The Jewish Family: A Survey and Annotated Bibliography
Published: December 1971© 1971
188 Pages, 6.00 x 9.00 in
Ebook - PDF
Through the ages the family has been the primary social and religious unit in Judaism. The Jewish home fostered the wholeness of life through birth and education, courtship and marriage, sickness and recovery, and the serenity of old age. Into the framework of the family was fitted the colourful picture of Israel's sancta: the holidays and Sabbaths, feasts and fasts, each of them recalling an event of the past. The Jewish concept of family life has been the major factor in the preservation and survival of the Jewish people.
In today's open and changing society the problems facing the Jewish family are legion, and they have been well documented. The processes of social and technological change have contributed to the obsolescence of traditional values, the secularization of religion, identity crises, generation gaps, and the allocation of family responsibilities to surrogate institutions. The Jewish family is confronted with changing social values that influence and sometimes conflict with ethnic and religious Jewish values.
The four essays in this volume select some highlights related to the development of the Jewish family. The first by the editor is a review of family life from biblical times to the Shtetl of Eastern Europe. The second essay by Jack Balswick asks the question "Are American-Jewish families closely knit?" The third paper by Israel Ellman reviews studies related to Jewish intermarriage in the United States; the last essay by the editor examines family life in the kibbutz of Israel, a new Jewish family patter.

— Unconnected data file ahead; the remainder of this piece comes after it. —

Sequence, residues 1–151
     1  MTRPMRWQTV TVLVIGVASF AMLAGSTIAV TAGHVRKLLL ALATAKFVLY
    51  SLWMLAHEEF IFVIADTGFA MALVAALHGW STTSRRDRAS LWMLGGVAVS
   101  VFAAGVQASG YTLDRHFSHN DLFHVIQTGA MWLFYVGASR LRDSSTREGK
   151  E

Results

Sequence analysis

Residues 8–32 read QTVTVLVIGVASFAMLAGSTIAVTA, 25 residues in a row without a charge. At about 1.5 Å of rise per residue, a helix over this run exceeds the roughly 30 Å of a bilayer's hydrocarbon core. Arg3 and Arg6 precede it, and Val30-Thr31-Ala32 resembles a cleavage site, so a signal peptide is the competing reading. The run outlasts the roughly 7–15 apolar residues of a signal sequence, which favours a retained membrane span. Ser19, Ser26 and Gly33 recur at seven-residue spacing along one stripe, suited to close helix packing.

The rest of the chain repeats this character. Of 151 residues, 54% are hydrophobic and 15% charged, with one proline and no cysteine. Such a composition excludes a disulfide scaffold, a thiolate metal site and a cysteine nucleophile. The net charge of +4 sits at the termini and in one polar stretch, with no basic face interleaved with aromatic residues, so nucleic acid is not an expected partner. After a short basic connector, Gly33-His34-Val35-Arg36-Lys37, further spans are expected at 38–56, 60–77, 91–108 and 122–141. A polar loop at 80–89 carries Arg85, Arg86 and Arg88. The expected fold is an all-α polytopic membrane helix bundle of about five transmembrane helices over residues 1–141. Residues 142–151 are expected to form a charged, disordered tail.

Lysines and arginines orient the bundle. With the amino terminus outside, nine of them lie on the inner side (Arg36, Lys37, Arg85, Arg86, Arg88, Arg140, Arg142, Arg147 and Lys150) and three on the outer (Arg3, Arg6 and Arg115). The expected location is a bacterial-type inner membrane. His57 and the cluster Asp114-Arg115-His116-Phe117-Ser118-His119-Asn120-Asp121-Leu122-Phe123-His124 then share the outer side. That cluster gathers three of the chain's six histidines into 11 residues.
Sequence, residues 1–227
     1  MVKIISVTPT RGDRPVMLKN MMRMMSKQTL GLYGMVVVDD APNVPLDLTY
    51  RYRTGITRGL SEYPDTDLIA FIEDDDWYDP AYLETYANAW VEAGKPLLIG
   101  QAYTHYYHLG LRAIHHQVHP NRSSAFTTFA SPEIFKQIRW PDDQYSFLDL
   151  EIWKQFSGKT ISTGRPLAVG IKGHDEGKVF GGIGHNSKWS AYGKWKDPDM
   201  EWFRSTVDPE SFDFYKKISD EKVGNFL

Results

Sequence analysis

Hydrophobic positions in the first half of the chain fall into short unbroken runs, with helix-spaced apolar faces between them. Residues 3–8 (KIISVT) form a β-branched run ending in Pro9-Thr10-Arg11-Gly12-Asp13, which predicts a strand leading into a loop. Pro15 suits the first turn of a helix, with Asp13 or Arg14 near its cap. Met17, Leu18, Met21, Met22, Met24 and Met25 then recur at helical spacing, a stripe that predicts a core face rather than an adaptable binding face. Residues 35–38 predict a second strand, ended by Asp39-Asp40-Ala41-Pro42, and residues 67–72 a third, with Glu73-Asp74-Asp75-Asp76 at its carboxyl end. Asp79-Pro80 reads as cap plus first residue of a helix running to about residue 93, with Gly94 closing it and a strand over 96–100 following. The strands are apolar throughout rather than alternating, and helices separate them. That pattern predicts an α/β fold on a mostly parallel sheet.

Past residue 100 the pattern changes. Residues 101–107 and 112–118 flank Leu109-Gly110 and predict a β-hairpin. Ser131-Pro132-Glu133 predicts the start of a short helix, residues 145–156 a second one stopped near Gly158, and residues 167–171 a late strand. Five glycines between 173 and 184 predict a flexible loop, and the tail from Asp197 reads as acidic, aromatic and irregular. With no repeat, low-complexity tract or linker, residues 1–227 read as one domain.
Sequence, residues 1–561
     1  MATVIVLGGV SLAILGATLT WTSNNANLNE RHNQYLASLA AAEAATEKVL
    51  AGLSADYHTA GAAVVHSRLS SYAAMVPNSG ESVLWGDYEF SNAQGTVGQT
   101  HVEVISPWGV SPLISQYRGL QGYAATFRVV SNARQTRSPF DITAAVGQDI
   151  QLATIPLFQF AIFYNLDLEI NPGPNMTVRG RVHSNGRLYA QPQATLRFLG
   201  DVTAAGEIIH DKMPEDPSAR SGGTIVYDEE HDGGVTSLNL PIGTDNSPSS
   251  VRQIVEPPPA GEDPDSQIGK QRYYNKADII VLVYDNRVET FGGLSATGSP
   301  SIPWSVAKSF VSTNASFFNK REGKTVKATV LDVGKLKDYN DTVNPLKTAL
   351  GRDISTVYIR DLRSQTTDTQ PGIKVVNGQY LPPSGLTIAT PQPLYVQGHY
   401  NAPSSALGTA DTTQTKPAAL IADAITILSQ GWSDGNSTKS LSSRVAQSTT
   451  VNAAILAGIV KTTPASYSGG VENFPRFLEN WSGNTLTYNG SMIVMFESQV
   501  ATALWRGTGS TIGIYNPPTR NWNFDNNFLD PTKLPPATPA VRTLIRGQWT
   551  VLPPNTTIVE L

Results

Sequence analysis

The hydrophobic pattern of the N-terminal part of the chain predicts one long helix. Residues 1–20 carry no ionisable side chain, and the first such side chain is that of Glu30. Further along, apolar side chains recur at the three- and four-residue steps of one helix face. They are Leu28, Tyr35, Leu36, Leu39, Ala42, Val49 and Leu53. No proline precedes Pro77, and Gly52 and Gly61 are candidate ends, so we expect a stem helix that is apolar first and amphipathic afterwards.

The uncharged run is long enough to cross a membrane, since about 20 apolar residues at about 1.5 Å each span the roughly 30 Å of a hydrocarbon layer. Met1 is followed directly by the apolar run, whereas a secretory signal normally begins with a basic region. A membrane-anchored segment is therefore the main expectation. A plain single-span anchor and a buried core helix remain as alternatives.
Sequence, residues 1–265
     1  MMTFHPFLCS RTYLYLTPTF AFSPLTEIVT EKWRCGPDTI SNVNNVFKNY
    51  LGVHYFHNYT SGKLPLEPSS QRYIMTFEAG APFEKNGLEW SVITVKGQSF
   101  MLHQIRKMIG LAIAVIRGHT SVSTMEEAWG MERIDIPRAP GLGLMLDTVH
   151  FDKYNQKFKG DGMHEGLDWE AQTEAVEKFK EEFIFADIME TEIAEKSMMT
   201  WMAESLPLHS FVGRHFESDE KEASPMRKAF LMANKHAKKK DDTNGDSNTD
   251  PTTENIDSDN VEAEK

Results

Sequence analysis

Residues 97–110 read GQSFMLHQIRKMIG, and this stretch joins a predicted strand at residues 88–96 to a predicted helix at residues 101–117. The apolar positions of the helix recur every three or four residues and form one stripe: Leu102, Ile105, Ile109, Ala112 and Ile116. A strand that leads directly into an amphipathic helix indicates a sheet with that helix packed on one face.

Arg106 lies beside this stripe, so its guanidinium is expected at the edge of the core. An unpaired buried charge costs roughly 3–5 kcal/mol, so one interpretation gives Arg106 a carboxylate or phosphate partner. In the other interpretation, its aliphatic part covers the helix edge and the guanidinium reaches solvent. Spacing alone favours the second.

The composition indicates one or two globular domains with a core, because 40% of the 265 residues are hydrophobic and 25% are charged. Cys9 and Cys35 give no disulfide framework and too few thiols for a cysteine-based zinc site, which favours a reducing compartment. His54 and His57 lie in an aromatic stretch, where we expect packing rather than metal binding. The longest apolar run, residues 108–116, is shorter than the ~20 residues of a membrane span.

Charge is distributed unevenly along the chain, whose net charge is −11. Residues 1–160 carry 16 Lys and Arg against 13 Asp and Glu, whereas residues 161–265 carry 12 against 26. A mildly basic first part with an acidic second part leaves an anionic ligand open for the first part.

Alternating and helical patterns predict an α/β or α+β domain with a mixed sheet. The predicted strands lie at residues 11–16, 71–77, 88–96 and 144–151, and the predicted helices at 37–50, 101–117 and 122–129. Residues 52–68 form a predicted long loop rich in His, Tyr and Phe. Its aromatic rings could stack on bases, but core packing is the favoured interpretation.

The annotated bibliography lists 430 pamphlets, booklets, books, and journal articles related to varied aspects of the Jewish family from biblical to modern-day family patterns. Only entries in English, published before 1 August 1970, were included.
The appendix contains a list of 150 books dealing with Jewish life in fiction, and statistical tables which cover the world Jewish population of 1969, as well as the addresses of the publishers of the entries listed in the annotated bibliography.
This is the only book available covering this important topic. It will be of help to social scientists, social agencies, university students of psychology, sociology, Jewish studies, and social work, and those engaged in family life education. It will also be an invaluable reference tool to religious schools who include this topic in their studies.